I Don’t Know – Maybe I’m Just Anti-Social
If I could observe all the daily interactions between people in your work environment, what would I see?
Take a moment and get an image of those interactions between team leaders and their team members, between peers, coworkers at your desks, in the breakroom, out at lunch, and in the quiet recesses of the hallway. What are the interactions like? What are the conversations about? Would you describe them as positive, constructive, and healthy – or not?
How would you assess the health of the community that is your workplace?
“Wait a minute! The community?”
In our group study of the Vocation of the Business Leader document the other day, one of the participants was complaining about certain individuals in his office, their excessive time away from their desks, and their “gossipy” conversations.
He got hung up on the point made in the document that, “Human flourishing … always involves … living in society. Indeed, it is only in community, that is, in communion with others, that a person can genuinely develop in ability, virtue, and holiness.” (VBL 32)
He argued that, “Jesus went off by Himself to pray often. Ignatius holed up in a cave to write Spiritual Exercises. Hearing that ‘tiny whispering sound’ often requires one to be alone. What is ‘community’? Where ‘2 or 3 are gathered’? I don’t know – maybe I am just anti-social. Or pro-individual.”
My first thoughts were:
• Jesus went off to pray (to spend time with) His Father – as a member of the community that is the Trinity. We are made in that image of God – members of a community.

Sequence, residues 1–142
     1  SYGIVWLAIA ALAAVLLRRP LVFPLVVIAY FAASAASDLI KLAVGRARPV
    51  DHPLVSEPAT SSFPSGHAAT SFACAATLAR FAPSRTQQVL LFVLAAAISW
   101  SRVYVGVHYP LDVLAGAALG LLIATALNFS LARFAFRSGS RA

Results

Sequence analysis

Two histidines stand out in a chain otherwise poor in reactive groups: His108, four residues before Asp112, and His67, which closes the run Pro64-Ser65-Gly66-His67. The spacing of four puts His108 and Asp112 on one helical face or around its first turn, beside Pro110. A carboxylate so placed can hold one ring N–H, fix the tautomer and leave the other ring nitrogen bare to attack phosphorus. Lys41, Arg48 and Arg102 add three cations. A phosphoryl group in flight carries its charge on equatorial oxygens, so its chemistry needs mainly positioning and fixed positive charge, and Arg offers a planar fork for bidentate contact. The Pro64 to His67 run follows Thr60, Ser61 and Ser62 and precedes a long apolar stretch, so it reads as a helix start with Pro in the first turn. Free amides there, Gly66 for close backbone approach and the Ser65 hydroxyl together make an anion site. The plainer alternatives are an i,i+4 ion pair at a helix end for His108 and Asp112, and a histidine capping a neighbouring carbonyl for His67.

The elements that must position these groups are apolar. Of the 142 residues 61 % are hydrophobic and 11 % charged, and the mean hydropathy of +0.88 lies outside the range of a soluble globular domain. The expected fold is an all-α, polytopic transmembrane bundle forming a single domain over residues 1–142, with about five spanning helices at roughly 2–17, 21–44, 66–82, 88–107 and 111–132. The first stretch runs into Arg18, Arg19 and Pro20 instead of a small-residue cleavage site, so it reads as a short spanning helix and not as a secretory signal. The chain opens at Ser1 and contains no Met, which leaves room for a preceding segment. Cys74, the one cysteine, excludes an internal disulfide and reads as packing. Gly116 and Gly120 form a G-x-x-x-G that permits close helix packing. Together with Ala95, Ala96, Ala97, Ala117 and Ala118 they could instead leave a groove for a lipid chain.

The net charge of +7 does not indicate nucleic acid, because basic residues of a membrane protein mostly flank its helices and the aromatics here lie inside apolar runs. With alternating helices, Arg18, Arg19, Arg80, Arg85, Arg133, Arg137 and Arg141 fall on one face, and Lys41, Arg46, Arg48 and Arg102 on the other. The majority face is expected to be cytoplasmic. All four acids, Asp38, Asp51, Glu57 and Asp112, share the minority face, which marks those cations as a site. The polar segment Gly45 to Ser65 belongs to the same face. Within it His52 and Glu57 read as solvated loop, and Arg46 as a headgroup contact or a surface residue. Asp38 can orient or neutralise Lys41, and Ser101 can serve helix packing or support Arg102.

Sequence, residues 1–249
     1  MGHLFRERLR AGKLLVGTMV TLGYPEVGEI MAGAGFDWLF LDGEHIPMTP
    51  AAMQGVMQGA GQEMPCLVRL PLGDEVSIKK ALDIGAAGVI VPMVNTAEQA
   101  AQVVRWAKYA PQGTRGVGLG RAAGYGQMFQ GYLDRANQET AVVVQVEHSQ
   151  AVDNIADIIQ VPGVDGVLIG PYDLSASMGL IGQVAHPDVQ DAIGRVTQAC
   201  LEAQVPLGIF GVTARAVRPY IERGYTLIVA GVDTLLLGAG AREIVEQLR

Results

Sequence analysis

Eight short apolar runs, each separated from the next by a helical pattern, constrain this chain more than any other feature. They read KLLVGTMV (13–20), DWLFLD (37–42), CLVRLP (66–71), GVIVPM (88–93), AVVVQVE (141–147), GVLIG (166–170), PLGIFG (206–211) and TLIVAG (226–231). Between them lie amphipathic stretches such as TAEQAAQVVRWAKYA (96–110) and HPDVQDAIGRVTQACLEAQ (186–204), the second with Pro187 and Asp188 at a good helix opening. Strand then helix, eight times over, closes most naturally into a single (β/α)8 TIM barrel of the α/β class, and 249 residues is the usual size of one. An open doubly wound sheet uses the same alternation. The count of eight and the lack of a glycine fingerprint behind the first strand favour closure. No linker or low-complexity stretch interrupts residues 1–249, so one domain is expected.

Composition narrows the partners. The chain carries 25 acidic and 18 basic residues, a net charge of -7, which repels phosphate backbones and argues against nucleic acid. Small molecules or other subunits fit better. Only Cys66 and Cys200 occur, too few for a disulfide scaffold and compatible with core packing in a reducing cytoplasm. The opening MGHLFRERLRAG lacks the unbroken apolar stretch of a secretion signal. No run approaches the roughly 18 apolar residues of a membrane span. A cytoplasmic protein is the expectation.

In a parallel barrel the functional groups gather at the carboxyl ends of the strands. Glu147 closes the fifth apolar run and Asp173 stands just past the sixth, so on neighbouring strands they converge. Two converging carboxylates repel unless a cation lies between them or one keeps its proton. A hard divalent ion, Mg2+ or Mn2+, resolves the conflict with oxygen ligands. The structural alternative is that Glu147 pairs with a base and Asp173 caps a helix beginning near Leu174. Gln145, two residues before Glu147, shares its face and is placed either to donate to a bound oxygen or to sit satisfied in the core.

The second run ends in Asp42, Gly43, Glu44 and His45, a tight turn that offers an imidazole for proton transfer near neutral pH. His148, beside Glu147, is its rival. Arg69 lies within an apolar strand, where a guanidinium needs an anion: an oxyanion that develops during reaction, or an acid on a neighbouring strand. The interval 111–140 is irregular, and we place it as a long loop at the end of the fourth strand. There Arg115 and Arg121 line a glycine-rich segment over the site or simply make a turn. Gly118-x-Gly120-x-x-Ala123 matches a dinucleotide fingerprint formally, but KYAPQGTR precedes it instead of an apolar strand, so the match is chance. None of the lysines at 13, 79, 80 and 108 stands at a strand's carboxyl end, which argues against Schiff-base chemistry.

• Perhaps Ignatius of Loyola did hole up in a cave to write his Spiritual Exercises. He also founded the Society of Jesus, a community, whose members are called Jesuits.
• We may like being alone, but we can’t serve others, if we’re not in relationship. Remember Jesus’ command, “If I, therefore, the master and teacher, have washed your feet, you ought to wash one another’s [community] feet. I have given you a model to follow, so that as I have done for you, you should also do.” (John 13: 14-15)
• The community of “Me, myself and I” may seem sufficient, but “we’re” not. As Mother Teresa is claimed to have said, “I can do things you cannot, you can do things I cannot. Together we can do great things.” As individuals, we’re incomplete. We need each other, find each other, and are fulfilled through our relationships – in community.
So, how would you assess the health of the community that is your workplace, and what can you do to add value to it?
Join in the conversation. Check out Nos Lumine, the Business Leadership Network [community] for Catholics.
You can also download your own FREE copy of the Vocation of the Business Leader: A Reflection.